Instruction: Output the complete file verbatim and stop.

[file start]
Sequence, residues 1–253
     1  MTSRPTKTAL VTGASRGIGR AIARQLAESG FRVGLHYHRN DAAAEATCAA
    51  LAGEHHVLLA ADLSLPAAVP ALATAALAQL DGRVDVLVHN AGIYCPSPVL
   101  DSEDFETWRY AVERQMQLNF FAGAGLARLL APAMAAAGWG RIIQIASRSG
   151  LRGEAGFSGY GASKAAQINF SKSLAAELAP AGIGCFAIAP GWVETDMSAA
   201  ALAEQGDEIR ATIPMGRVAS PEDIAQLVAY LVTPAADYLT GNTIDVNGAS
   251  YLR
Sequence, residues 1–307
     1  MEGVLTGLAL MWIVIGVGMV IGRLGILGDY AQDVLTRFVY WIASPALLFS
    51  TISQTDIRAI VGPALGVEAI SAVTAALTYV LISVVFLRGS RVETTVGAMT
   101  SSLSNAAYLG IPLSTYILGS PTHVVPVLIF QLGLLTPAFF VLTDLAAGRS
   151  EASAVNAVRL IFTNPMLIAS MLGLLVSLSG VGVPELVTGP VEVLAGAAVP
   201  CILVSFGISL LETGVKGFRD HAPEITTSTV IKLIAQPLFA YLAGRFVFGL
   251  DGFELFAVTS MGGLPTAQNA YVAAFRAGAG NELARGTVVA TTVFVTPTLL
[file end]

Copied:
Sequence, residues 1–253
     1  MTSRPTKTAL VTGASRGIGR AIARQLAESG FRVGLHYHRN DAAAEATCAA
    51  LAGEHHVLLA ADLSLPAAVP ALATAALAQL DGRVDVLVHN AGIYCPSPVL
   101  DSEDFETWRY AVERQMQLNF FAGAGLARLL APAMAAAGWG RIIQIASRSG
   151  LRGEAGFSGY GASKAAQINF SKSLAAELAP AGIGCFAIAP GWVETDMSAA
   201  ALAEQGDEIR ATIPMGRVAS PEDIAQLVAY LVTPAADYLT GNTIDVNGAS
   251  YLR
Sequence, residues 1–307
     1  MEGVLTGLAL MWIVIGVGMV IGRLGILGDY AQDVLTRFVY WIASPALLFS
    51  TISQTDIRAI VGPALGVEAI SAVTAALTYV LISVVFLRGS RVETTVGAMT
   101  SSLSNAAYLG IPLSTYILGS PTHVVPVLIF QLGLLTPAFF VLTDLAAGRS
   151  EASAVNAVRL IFTNPMLIAS MLGLLVSLSG VGVPELVTGP VEVLAGAAVP
   201  CILVSFGISL LETGVKGFRD HAPEITTSTV IKLIAQPLFA YLAGRFVFGL
   251  DGFELFAVTS MGGLPTAQNA YVAAFRAGAG NELARGTVVA TTVFVTPTLL